The benefits of planning a series of exercises versus a one-off:
A three-year exercise program should replace the current annual validation method. An effective training programme will ensure the participants learn to deal with incidents in an effective manner and will train them to work as part of the group that manages incidents. Our programme will establish their response capability built through a steady escalation in complexity and pressure, from desktops and walkthroughs through to multi-party simulations.
There are numerous benefits of a three-year programme over conducing a series of unconnected annual exercises:
- The opportunity to build a progressive programme that will upskill your incident teams and build and improve on each exercise undertaken. At the moment each exercise event is a one off activity.
- The opportunity and time to link all training to team requirements and demonstrating this during the exercises.
- The opportunity to measure the incident teams’ performance and maturity improvement over a fixed time period allowing management to check that they are improving and the organisation’s capability to manage an incident is getting better.
- The opportunity for deputies to attend the exercises so they don’t lag behind in skills and experience. It is difficult for new team members, in one off sessions, to “catch up’ on the skills other team members have.
- The opportunity to train team members, that may have specialist roles, such as Human Resources who may not be sure what skills they are meant to demonstrate and how to perform their role during an incident.
- The opportunity to develop within the programme the vision, the skills, knowledge, behaviours and competencies required for managing an incident and an effective pathway to gaining the skills over time.
- The opportunity to continuously promote the incident management skills, behaviours and knowledge that otherwise may get forgotten with annualised one-off training events or short exercises in-between annual exercises.
PlanB Consulting will develop a three-year exercise programme which delivers these benefits and equips your incident management team with the skills, behaviours, knowledge and competencies to manage a major incident. At the end of the programme the organisation will be able to show a demonstrable improvement in incident management skills and increased maturity in responding to incidents.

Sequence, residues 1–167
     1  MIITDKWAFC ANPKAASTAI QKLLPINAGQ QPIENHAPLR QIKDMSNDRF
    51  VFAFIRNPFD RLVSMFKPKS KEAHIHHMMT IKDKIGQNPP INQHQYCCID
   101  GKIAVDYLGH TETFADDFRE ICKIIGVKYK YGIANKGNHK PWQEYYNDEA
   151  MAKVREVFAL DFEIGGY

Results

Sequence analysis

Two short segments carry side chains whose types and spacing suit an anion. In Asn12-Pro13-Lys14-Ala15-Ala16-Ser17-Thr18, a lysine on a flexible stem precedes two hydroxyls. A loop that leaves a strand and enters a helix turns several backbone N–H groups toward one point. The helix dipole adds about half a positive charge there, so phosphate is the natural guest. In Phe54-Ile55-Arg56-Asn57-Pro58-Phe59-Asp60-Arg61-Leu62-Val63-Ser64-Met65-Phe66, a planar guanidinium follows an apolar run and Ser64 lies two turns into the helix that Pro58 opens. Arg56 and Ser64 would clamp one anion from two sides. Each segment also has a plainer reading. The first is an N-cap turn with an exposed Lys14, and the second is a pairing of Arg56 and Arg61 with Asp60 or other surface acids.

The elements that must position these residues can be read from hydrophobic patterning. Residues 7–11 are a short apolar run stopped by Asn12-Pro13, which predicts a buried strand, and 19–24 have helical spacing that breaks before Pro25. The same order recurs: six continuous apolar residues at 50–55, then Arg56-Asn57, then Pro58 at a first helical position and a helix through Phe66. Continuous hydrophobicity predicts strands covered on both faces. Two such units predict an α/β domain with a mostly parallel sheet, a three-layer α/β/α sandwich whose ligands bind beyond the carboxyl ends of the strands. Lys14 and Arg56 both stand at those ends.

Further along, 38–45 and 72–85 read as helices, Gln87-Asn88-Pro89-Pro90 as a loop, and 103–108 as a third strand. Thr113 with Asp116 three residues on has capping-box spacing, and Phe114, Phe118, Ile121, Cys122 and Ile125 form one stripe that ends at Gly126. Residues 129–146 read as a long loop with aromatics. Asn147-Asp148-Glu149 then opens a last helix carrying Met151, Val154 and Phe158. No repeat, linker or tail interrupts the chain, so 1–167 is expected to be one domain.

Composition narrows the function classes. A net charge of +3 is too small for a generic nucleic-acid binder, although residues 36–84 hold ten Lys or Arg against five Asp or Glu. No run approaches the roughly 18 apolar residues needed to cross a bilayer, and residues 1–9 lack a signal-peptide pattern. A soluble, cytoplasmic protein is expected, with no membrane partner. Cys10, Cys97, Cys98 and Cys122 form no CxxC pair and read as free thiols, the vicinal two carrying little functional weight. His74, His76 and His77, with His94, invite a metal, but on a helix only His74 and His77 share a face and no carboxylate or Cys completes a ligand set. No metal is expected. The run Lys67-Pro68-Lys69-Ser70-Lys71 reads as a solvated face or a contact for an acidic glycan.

Each year will build on the skills of the previous year and follow an agreed improvement pathway. At the end of the 3-5 year period there is the opportunity to review the programme and decided on whether to build on the existing skills or start at the beginning of the programme again.
Business Continuity Exercise Programme development
In the Good Practice Guidelines (GPG) it states that: ‘An organisation’s continuity capability cannot be considered reliable or effective until it has been exercised’. The section on validation goes on to say, ‘An exercise programme should ensure that desired level of capability by: Rehearsing all plans’. If you look at most mature business continuity organisations, on the whole, they will have an exercise programme and it usually consists of each plan being exercised once a year by the team. Some go a bit longer between them, but these are the main exercise activities. Their technical people are likely to do some DR exercises, sometimes they are discussed with the BC person but often they take place separately, and the BC person relies on IT to conduct suitable exercises.
What many practitioners are missing is the next requirement of an exercising programme, which according to the GPG is ‘Verifying all business continuity solutions’. There is a requirement to make sure that the solutions (strategies) proposed do actually work, and that as part of the exercise programme these are verified. We need to check that no changes have been made in the meantime, which makes the technical solution we propose unworkable, and we must check that the solution is still valid.